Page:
One day the IRS will roll up and see what you have and take it all. If you say it's not legal they'll shoot.

You hold your head too proud for one so easily robbed.

Thu, 08/09/2012 - 04:35 | 2690249 HungrySeagull
HungrySeagull's picture

Working less is a good stragety.

Less wages, less taxation and as long you are self reliant, the IRS will become just another Minor Annoyance once a year.

Sometimes we make good money during a year and simply stop. It may be weeks or months but we will close the year with a specific number in a certain range and know that the taxes will be paid, but the refund will be a little more than break even.

 

At the moment we have not stopped. We are trying to do something that have not been done before. Building reserves across several necessary and needful things so that if something bad happens, we would not suffer too much.

I eyed a grill today. Cast Iron and properly cast in a foundry and assembled very well. I may go ahead and buy the damn thing. Why? I can use it to help feed the neighbors as long they bring the meats. I am no cook, but beginning to think in ways I never thought of before to make us useful so that we are not targets.

 

Mon, 08/13/2012 - 09:14 | 2700563 MeelionDollerBogus
MeelionDollerBogus's picture

Hey fucknut, you definitely missed the point. You are paying more than you owe because you're paying into an expanding bubble using tax-dollars that you can be jailed for not paying.

You won't "work less"

What you don't pay will be taken by force.

You really, really, really don't get it. They won't ask for less. They'll see what you have and invent new taxes. "wealth tax" "luxury tax" "windfall profits tax".

Y U NO THINK?

The name of the game is rule-changing on the fly & shooting people who don't like it.

Wed, 08/08/2012 - 23:04 | 2689884 Rusty Diggins
Rusty Diggins's picture

Arrr, I know a fellow pirate when i smell one, fuck ye i gots mine!

Wed, 08/08/2012 - 23:10 | 2689910 chipworley
chipworley's picture

GO BOILERS!!!!

Wed, 08/08/2012 - 23:13 | 2689921 Floordawg
Floordawg's picture

Theres a satisfying solace knowing that certain people are surely going to be ZOMBIE TREAT'S when the SHTF. And the best part is, they always think exactly the contrary.

Wed, 08/08/2012 - 23:15 | 2689923 reader2010
reader2010's picture

i got myself with a phd from one of top five ivy places "for free." my ignorance has cost me dearly. guess what? i learned more here on zh than all my "educational" years combined.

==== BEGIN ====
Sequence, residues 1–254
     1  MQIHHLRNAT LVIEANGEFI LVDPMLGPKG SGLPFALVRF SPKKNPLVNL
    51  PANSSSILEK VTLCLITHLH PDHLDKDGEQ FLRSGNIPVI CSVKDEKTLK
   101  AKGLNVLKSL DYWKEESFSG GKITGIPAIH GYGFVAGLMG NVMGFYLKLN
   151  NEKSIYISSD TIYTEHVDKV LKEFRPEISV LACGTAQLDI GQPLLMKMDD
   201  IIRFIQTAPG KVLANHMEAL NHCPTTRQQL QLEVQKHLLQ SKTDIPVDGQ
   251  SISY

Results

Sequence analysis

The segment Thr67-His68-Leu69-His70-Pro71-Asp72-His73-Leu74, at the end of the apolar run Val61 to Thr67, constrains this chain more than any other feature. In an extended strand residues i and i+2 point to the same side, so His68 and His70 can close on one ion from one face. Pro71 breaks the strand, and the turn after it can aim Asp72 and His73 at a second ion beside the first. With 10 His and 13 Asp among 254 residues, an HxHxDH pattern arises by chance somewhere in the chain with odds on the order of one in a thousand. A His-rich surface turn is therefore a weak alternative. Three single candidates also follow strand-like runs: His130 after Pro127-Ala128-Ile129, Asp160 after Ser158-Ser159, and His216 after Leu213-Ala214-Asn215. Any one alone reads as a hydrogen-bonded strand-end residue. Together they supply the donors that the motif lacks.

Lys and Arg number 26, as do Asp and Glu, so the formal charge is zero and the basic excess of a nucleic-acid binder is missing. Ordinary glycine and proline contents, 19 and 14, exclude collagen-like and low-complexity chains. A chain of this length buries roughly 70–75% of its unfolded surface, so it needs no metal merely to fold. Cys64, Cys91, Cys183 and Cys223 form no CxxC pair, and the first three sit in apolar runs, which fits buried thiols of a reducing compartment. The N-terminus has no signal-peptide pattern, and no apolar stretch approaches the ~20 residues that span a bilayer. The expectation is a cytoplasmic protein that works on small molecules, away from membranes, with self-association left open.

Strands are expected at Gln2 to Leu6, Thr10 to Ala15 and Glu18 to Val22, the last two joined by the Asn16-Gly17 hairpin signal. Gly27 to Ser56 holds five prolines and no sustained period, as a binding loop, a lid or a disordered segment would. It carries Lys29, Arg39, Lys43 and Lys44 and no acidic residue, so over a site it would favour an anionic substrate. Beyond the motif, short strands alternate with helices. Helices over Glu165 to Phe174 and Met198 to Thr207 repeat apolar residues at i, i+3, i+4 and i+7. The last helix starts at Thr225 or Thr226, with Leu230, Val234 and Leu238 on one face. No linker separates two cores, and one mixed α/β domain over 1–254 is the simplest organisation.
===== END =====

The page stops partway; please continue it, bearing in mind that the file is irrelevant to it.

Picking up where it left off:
Wed, 08/08/2012 - 23:31 | 2689970 john_connor
john_connor's picture

No doubt. I have been reading this site for years and love it.

Thu, 08/09/2012 - 10:05 | 2690862 Oldrepublic
Oldrepublic's picture

Recently met a guy who was getting a doctorate in Physics from Yale. Accepted official version of 9-11!!!

Wed, 08/08/2012 - 23:22 | 2689953 Totentänzerlied
Totentänzerlied's picture

Apparently that only applies to the debtor, genius? In a legitimate credit system, the creditor takes risk too, including risk of counterparty bankruptcy. There is no risk in student loans beyond risk of premature death. Congratulations on your fancy degrees which seem to have conferred upon you nothing more than a feeling of a right to deride others on the internet while gloating about yourself. Seems that's all any degrees are good for these days.

Thu, 08/09/2012 - 00:23 | 2690076 azengrcat
azengrcat's picture

Slow your roll Big Ten... Should have spent your FRNs getting educated in the PAC-12, burning some humbolt, and getting in on some tech startups.

Tempe12.com

Mon, 08/13/2012 - 09:09 | 2700550 MeelionDollerBogus
MeelionDollerBogus's picture

Government and banks and schools should be held accountable for pushing loans on people they know can't repay them. No one is told that student debt is special, that you can't remove it using bankruptcy.

People are lied to about what is the nature of money and debt and academia.

This is no better than selling arsenic as tylenol then blaming the kids for being too dumb not to eat arsenic.

It's fraud.

Wed, 08/08/2012 - 22:41 | 2689835 Tsar Pointless
Tsar Pointless's picture

"Wait a minute. This thing is still on? I thought I asked somebody to turn this mic off already." Chairman Ben

I know. This is a pointless comment. But I do live in a pointless country, so there.

Wed, 08/08/2012 - 22:50 | 2689853 kito
kito's picture

You are right bernanke, not to the SAME extent, but rather wayyyyyy beyond it................

Wed, 08/08/2012 - 23:02 | 2689854 Floordawg
Floordawg's picture

Past central planner verbal diarrhea...

Bernanke, Jan 2008 - "The Federal Reserve is not currently forecasting a recession."

Paulson, April 2007 - "I don't see (subprime mortgage market troubles) imposing a serious problem. I think it's going to be largely contained."

Geithner, - April 2012 "(US credit rating downgrade) no risk of that."

and my all time favorite muppet slayer, Cramer - March 2008 "don't be silly, Bear Stearns is fine."

HA!

Wed, 08/08/2012 - 23:07 | 2689901 fxrxexexdxoxmx
fxrxexexdxoxmx's picture

It is unfair and racist to use the actual words that government lackeys have spoken in the past. Especially if these words contradict or are in conflict with the words they are currently using. Barrack Obama hates people like you.

Wed, 08/08/2012 - 23:13 | 2689924 chipworley
chipworley's picture

SCREW BHO....

Wed, 08/08/2012 - 23:05 | 2689889 ArsoN
ArsoN's picture

In addition to this years college class, the big wave of kids that ran to law school in '09 just got out in May.  Most probably have 6 month payment differment.  The shit should start hitting the fan by December.